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Devans class
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Devans class

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  • 1. Class makes sure its safety first for newhuntersBy Paul A. Smith of the Journal SentinelNov. 14, 2012Across Wisconsin, anticipation is building in hunters as the 2012 gun deer season approaches.The Department of Natural Resources expects more than 600,000 hunters to take to the woodsand fields beginning Saturday morning.Blaze orange will be donned by those with many decades of experience as well as first-timehunters.The newest of the new hunters graduated last weekend from hunter education classes inWisconsin, including one organized through the Big Dave Hollins Teen Hunting Club inMilwaukee.DNR conservation wardens conducted the class at the agencys Southeast Region headquarterson King Drive.The club was started by the late Dave Hollins, a Milwaukeean with a big laugh, a big heart and abig love of the outdoors.It was formed to provide a gateway to hunting for urban teenagers, said Ron Johnson ofMilwaukee, who now helps run the club.The class was held for eight hours Saturday and two Sunday. Twenty-five students wereenrolled.The students ranged from 11 to 56 years of age. The racial makeup was just as varied."This used to be the only all-black hunting club in the state," Johnson said with a laugh as helooked at the diverse group. "Its great to involve everyone whos interested."Tasha Jenkins of Milwaukee took the class with her 12-year-old son, Devan.Though Devan had hunted in Arkansas with his grandfather, Tasha wanted him to be certified inWisconsin, too.Conservation warden Gervis Myles of Milwaukee coordinated the class. Retired warden JohnPlenke was the lead instructor.
  • 2. Warden supervisor Rick Reed and wardens Kyle Drake, Mitch Groenier and Jason Roberts alsoled sections of the class or tested students.From the first minutes Saturday morning, the class provided an affirmation of the value ofeducation. The students were engaged and motivated.And when the subject turned to firearms, they were mature beyond their years."You guys have to be sponges," Plenke said. "This will be an intense two days, and the materialis very important."It wouldnt be enough to just know the information, Plenke said. The students would have to beable to demonstrate their mastery of it.The class moved at a brisk pace. Within the first 10 minutes Plenke introduced the four cardinalrules of firearm safety. Within 20 minutes, the students were reciting them aloud.After 45 minutes, the class broke into groups for firearm handling, fence crossing and animaltracking.The class used firearms specially made for hunter education. Though life-size and with workingactions, the pieces had sealed barrels and no firing pins.Wisconsin graduates more than 20,000 students from hunter education classes each year. Sincethe program began in 1967, slightly more than 1 million hunters have graduated.The success of the program is told in reduction of injuries. In 1966, Wisconsin had an injury rateof 44 for every 100,000 hunters.In the 2011 gun deer season, there were nine firearm-related injuries, all nonfatal, for a rate ofabout 1.5 per 100,000 hunters.The state has had just three gun deer seasons without a fatal shooting incident - in 1972, 2010and 2011.To graduate, the students had to pass written and practical tests. The 40 question written test wasall material covered in the class.So, too, was the practical or field portion. But the students were required to load and unloadfirearms and show proper and safe gun handling in a variety of situations.The students all passed."The ultimate measure of success is when their names never show up on our accident reports,"Myles said.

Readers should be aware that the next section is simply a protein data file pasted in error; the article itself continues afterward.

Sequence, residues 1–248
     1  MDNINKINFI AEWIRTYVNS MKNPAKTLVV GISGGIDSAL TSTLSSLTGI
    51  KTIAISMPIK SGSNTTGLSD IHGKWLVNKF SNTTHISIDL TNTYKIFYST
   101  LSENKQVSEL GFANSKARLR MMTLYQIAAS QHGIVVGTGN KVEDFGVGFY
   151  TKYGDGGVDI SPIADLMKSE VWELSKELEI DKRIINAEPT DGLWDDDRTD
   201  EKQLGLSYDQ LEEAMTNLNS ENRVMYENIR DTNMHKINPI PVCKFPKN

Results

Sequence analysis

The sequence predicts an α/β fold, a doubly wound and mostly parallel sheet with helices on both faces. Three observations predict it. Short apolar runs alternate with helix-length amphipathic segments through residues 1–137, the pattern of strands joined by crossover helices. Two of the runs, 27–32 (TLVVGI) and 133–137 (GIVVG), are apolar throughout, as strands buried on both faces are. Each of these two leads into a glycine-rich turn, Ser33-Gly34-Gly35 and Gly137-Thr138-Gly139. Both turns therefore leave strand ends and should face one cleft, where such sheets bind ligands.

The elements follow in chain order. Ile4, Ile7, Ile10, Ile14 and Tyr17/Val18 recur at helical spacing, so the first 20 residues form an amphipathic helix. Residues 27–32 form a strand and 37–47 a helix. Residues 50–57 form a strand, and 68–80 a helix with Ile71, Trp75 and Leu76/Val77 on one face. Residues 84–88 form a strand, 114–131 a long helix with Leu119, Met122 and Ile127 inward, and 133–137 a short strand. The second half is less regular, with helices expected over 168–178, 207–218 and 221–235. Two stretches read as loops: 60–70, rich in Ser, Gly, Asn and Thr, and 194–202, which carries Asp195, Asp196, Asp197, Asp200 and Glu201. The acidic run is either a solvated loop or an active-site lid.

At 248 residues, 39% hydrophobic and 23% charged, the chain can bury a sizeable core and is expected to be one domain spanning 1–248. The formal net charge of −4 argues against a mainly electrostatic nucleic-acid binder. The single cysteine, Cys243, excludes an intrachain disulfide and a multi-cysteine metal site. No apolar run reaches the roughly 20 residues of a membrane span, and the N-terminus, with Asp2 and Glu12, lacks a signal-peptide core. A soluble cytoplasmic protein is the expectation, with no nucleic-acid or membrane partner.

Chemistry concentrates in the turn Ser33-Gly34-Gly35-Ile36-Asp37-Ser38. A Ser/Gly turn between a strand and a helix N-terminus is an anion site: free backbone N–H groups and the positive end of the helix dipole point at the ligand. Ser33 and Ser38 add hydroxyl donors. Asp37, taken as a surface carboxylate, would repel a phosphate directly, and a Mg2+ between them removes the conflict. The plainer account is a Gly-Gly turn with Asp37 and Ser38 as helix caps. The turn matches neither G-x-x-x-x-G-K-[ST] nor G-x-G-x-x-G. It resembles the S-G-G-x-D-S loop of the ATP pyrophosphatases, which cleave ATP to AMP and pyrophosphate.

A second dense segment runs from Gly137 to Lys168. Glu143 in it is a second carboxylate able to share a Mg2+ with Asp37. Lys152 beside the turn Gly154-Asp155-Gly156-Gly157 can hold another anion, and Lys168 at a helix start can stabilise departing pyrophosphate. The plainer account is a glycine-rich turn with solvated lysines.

• 3. At noon Sunday the students gathered for an optional trapshooting session at the Waukesha GunClub.Clay pigeons shattered, with muzzles always pointed safely downrange, students and wardensapplauded each other and another group earned Wisconsin hunter education certificates."Big Dave would have loved this," Johnson said.Heading north: Ill be hunting opening weekend in Bayfield County with Bob Willging ofRhinelander. Willging, author of "On The Hunt, The History of Deer Hunting in Wisconsin," isan advocate of traditional deer hunting and hunts out of a wood stove-heated cabin on theBayfield peninsula.Ill have a story and photos of our opening day experience for the Sunday paper.In the meantime, travel and hunt safely. The season is only a success if you are around to shareits stories.Submit tales and photos from your 2012 Wisconsin hunt to psmith@jrn.com.

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